Elmer’s Bottletree Ranch – A Sight to Behold off Historic Route 66 in Southern California

In the middle of the Southern California desert, somewhere off historic Route 66, there are two hundred outdoor art installations primarily created out of colorful glass bottles. This collection belongs to a man named Elmer Long. As a child, Elmer and his father routinely combed the surrounding area together, collecting any and everything from bottles to road signs.

After Elmer’s father passed, he wasn’t sure what to do with the collection of oddities. In 2000, he decided to create Elmer’s Bottletree Ranch in homage to his late father. The forest-like sight consists of welded metal with “branches” jutting from their posts, similar to coat racks. Various objects sit atop the bottle structures. Stoplights to windmills to railroad crossing signs act as proverbial apexes on a Christmas tree.

Railroad Crossing + Sunshine at Elmer's Bottletree Ranch
Railroad Crossing + Sunshine at Elmer’s Bottletree Ranch

I arrived on a hot, Summer Saturday early afternoon in August. It was easy to spend a good couple of hours perusing the ranch. Bayonets, antique typewriters, and glass bottles abound! There was even a bottle of Jack Daniel’s whiskey with a small swig left at the bottom. Tempting as I realized the nearly hundred-degree desert sunshine was rendering me dehydrated.

Flooding and Antique Typewriters at Elmer's Bottletree Ranch
Flooding and Antique Typewriters at Elmer’s Bottletree Ranch

A Desert Oasis

I made my way to shade at an old four piece, rusted outdoor dining set near the entrance. Here, I marveled at the half a dozen hummingbirds busily flapping their wings around the many feeders adorning some of the bottletrees. The buzzing sound of their wings was a welcome accompaniment to the rustling tree leaves and hanging copper wind chimes.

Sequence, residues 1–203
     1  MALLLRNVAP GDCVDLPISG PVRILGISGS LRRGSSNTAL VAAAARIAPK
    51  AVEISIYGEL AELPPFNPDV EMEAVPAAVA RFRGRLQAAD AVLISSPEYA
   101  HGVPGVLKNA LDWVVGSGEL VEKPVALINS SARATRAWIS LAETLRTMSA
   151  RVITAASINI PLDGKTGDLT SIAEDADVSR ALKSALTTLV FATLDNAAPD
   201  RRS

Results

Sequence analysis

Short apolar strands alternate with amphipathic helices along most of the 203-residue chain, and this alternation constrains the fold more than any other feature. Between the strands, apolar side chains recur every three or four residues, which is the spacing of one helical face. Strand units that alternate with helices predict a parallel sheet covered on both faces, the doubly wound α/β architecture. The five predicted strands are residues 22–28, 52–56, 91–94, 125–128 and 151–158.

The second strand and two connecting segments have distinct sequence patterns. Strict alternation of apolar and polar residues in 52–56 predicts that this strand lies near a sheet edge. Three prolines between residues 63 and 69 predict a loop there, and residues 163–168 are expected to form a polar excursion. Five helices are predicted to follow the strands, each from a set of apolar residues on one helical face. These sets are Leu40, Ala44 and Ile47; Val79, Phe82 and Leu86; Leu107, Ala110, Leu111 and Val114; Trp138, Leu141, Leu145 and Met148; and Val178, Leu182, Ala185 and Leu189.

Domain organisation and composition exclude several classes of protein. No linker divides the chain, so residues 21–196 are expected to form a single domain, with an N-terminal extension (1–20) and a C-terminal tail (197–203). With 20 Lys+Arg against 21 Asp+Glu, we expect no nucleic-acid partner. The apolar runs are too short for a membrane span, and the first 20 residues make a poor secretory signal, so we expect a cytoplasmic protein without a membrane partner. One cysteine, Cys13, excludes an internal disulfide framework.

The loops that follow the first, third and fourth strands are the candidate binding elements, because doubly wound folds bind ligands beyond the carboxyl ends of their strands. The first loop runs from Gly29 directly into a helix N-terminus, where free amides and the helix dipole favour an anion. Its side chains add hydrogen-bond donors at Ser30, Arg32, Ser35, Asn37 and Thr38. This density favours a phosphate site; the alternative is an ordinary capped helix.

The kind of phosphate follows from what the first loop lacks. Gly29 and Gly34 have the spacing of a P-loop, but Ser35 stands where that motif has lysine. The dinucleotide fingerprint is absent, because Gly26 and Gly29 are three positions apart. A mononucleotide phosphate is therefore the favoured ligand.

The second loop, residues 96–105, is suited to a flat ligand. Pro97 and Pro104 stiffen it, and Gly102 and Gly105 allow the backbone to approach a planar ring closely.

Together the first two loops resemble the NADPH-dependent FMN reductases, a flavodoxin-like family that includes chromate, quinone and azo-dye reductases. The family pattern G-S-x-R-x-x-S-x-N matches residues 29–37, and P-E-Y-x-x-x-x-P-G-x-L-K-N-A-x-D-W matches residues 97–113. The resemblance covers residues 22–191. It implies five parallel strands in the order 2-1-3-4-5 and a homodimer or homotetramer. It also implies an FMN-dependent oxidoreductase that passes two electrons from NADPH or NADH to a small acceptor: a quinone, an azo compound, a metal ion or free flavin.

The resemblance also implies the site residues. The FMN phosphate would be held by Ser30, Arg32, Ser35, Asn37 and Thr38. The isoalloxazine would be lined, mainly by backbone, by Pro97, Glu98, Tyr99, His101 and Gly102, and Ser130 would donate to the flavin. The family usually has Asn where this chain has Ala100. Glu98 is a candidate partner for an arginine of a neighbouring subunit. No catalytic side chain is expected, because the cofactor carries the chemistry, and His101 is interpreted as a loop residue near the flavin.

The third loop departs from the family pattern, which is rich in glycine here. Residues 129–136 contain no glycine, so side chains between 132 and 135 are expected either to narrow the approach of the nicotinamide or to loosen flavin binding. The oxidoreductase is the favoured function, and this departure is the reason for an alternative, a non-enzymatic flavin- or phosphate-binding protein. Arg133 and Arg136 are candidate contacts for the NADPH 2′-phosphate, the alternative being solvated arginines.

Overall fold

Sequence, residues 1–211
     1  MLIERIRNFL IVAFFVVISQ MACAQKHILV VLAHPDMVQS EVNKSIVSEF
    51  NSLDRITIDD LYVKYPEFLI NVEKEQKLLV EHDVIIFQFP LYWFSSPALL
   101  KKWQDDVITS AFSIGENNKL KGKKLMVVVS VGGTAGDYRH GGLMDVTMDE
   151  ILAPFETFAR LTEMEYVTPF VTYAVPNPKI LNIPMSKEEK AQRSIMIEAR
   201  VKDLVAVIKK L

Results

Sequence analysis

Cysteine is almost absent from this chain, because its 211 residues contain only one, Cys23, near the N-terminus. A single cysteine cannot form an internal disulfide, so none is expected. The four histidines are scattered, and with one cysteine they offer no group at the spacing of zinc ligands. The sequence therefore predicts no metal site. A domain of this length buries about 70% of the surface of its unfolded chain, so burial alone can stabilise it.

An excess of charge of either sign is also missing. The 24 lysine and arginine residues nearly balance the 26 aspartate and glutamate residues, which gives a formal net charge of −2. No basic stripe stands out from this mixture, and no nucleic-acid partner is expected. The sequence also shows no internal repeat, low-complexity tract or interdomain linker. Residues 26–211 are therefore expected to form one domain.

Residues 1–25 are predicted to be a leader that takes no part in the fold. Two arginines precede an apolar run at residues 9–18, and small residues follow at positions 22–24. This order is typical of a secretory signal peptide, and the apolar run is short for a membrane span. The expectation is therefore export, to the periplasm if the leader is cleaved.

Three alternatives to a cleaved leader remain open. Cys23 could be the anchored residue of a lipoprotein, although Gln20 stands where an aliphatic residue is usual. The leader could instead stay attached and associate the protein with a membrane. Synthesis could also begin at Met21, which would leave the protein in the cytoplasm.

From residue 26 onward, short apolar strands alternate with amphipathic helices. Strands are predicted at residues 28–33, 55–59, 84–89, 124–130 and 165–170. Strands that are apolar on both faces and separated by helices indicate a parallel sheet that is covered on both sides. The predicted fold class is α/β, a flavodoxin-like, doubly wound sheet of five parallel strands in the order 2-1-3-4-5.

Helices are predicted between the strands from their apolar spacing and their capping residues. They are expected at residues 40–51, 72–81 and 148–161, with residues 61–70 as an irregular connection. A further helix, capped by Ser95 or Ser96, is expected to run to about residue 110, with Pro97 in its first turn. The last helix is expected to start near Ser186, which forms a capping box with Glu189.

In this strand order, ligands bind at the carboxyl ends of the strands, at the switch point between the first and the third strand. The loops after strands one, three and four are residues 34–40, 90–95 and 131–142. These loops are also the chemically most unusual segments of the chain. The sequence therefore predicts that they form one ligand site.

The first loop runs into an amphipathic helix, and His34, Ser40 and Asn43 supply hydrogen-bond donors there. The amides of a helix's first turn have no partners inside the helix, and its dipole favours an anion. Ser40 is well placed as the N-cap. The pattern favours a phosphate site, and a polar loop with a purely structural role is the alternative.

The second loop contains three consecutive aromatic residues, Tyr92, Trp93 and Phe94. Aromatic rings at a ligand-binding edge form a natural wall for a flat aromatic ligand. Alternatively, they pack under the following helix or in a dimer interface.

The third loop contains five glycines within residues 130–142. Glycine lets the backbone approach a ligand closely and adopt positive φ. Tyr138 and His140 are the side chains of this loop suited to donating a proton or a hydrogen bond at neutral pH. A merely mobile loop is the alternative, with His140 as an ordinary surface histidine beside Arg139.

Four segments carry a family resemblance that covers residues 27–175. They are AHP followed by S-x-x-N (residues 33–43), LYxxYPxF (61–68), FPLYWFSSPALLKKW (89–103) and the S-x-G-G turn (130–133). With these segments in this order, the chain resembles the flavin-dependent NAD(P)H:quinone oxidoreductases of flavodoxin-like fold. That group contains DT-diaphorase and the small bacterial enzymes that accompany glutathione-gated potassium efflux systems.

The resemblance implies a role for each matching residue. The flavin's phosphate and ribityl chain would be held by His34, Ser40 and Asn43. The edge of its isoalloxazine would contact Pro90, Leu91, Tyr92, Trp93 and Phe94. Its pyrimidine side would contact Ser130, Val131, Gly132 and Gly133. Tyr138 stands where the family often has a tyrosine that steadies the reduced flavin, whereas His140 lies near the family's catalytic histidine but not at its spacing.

Sitting in the Shade at Elmer's Bottletree Ranch
Sitting in the Shade at Elmer’s Bottletree Ranch
Elmer's Bottletree Ranch in Oro Grande, California, Route 66
One of the many hummingbird feeders w/ glass bottles and old vehicle in the background

I admired Elmer’s tribute to his passing father as tourists from all over the world excitedly snapped photos. Offering to take a photo of a Spanish family, the sunshine shot beams of colorful rays across the backdrop of their frame.

“Listos?” I asked. Were they ready? One tourist exclaimed, “Whiskey!” as I snapped the photo from his iPhone. I laughed, pleasantly surprised at the fervor clearly being exhibited for this off the beaten path attraction.

“Gracias,” they thanked me.

“De nada.” My heart was warm – and not just from the summer heat.

Treasure at Elmer’s Bottletree Ranch

Elmer’s Bottletree Ranch brought a whole new meaning to that familiar idiom, “One man’s trash is another man’s treasure.” I quietly pondered what tangible sort of creation could have come in honor of my own father’s passing – or mother’s for that reason! My dad collected baseball cards and records. My mother loved sea glass but certainly hadn’t collected enough to create a ranch.

“One man’s trash is another man’s treasure.”

To continue a family tradition in the midst of great loss and share it with the public is a beautiful way of preserving someone’s life in essence. I couldn’t help but feel that the Universe wanted me there, in that moment, at that time. I was hoping to meet Mr. Elmer Long during my visit. Alas, he wasn’t present. I intend on returning to his ranch in the near future. I’m certain and eager to discover a treasure or two that I missed while kicking up dust between corroded vehicles and wire sculptures in the shape of cowboys.

 

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